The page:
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My finished doors have pale spots where water putty was used prior to staining.

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  • My finished doors have pale spots where water putty was used prior to staining.

    I just noticed that our beautiful doors have all these pale spots/splotches where they look like they have been bleached out or somehting. The door stain is really dark, but there are sections where some kind of putty was used to cover up flaws in the wood or to fill in small holes...well, on those particualr spots the stain didn't take, and so now the door looks like it has bleached spots on it, and of course the spots are exactly where all of the flaws in the wood are, so it ends up just drawing attention to the flaws. My neighbor said that our builder used "water putty" on the doors before they were stained and that the stain won't stick to that material. Just ONE MORE place where my builder decided to cut corners and give us a mediocre product....UURGGHH! Anyway, IS THERE ANY WAY TO COVER UP THESE SPOTS WITH ANOTHER STAIN - AFTER THE FACT?

    Help - I really don't want to have to fight with my builder about repalcing ALL the doors in our house...can I fix this myself?!?

    BTW, I think the doors are oak but I am not sure. Can you all tell I am a novice? ; )

    Thanks so much for any advice or assistance!
    Janet - Austin, TX

  • #2
    Anytime that a non wood product is used with real wood you're going to have that kind of a problem when it comes time to stain. Water puddy and acrylic fillers never stain the same shade as the natural wood surrounding them.

    I know this isn't what you wanted to hear but not knowing exactly what is under those spots makes it impossible to know if this situation can or can not be corrected.
    I decided to change calling the bathroom the "John" and renamed it the "Jim". I feel so much better saying I went to the Jim this morning.


    • #3
      You didn't mention whether your doors are paneled or flat (veneered). Paneled doors are usually a combination of solids and veneers. Solid oak doors are usually very expensive and feel heavy and solid. I suggest you take a trip to HD or Lowes to look at flooring or even wood-look laminate. Pay attention to the wood grain, pattern and texture and compare it to your doors. The wood grain and pattern are more important than color, when determining wood type. With so many stains on the market, you can make most woods, almost any color you want.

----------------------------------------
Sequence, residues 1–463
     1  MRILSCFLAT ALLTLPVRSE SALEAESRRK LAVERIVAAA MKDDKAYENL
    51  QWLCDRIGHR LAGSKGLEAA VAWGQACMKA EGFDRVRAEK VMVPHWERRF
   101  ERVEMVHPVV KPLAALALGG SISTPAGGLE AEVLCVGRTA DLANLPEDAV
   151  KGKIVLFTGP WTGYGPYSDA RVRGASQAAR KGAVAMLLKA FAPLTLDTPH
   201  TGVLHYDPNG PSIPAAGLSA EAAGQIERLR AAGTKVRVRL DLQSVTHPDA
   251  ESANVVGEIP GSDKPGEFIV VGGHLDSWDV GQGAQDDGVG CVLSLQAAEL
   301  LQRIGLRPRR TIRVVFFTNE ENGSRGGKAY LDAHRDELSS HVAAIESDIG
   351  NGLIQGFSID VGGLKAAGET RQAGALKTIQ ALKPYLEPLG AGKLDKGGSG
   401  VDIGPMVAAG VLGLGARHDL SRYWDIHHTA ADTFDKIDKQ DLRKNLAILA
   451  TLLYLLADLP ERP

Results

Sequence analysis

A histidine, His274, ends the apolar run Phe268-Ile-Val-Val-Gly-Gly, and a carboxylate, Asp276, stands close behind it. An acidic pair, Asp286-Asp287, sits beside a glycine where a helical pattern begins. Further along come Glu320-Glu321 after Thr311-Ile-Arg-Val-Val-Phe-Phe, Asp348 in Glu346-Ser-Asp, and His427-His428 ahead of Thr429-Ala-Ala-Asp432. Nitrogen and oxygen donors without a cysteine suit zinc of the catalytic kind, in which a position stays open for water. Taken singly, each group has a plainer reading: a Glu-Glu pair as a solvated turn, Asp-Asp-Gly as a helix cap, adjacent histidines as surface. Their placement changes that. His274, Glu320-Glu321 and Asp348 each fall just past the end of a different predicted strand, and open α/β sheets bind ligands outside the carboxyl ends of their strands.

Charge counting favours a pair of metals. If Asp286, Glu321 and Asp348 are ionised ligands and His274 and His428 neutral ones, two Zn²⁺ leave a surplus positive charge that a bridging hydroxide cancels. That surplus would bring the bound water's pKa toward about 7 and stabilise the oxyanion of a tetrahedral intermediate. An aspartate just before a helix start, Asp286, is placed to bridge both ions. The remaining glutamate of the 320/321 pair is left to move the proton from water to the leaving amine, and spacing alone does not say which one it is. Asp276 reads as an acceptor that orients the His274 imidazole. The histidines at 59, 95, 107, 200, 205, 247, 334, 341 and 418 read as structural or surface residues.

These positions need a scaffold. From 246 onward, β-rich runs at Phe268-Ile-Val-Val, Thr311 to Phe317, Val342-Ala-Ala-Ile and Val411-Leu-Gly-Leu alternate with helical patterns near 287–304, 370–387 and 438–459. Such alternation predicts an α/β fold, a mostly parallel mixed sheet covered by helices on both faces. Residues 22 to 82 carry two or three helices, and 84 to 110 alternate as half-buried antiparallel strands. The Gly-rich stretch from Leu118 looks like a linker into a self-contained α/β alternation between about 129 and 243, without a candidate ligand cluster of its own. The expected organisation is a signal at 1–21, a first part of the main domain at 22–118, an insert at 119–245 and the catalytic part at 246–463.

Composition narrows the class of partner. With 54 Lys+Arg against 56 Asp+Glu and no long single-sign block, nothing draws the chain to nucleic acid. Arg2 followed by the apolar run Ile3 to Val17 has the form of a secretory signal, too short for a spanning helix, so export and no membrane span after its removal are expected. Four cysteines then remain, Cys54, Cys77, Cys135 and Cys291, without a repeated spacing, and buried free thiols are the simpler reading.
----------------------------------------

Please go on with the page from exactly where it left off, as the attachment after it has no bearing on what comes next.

Regarding the light and dark spots, I totally agree with BadgerDave.

      Seasons Greetings,


      [ 12-06-2005, 06:26 PM: Message edited by: CWSmith ]


      • #4
        As was previously said, wood fillers, glue, etc., don't take stain.

        I'm no expert in this, but here are some suggestions on directions to go-----in a way, you're lucky the stain is dark, as this is a bit easier to fix than light stains.

        First, the perminent fix is to sand all the varnish/polyurethane off the doors. Then, using either a dye or gel stain, and a small brush, first get a color match, and then touch up the splotches using the brush---followed by a dry brush to imitate the grain. When the match is to your satisfaction, re-varnish the doors.

        A quick fix (which may or may not last)----If you go to a Home Depot or the like, you'll find touch-up products like Minwax----they have two basic kinds---one is a wax pencil and the other looks something like a felt-tipped marker. Get the latter--marker and unless you have a sample you can take with you to the store---just buy 2 or 3 of the colors to try out. Then, with either very fine sandpaper or 0000 steel wool, rough up the surface of where you have splotches, clean it and then try the touch up markers. You may want to then touch up with a touch of spray varnish----try to match the gloss level---but if you end up with a higher gloss than the rest of the door---you can always wait a few weeks and come back and knock down the gloss with some rubbing compound----get it at an auto store. Hope this helps----yes, it's a lot of work, so obviously, I'd start with doors that show the most.


        • #5
          Janet, to pay for university I moved pianos during the summer and if you move enough of them you will end up scratching one or two. The technique to repair those scratches is to heat lacquer sticks and flow the material onto the repair or use a hot knife. The guys that do pianos are pros and they can make a nasty scratch or even a gouge dissapear on a gloss black lacquer finish.
          Another technique you could try is called Wax Beaumontage. Basically it is colored wax that you can rub into the repair.
          Hear are examples of each product
          Lacquer Sticks
          Wax Sticks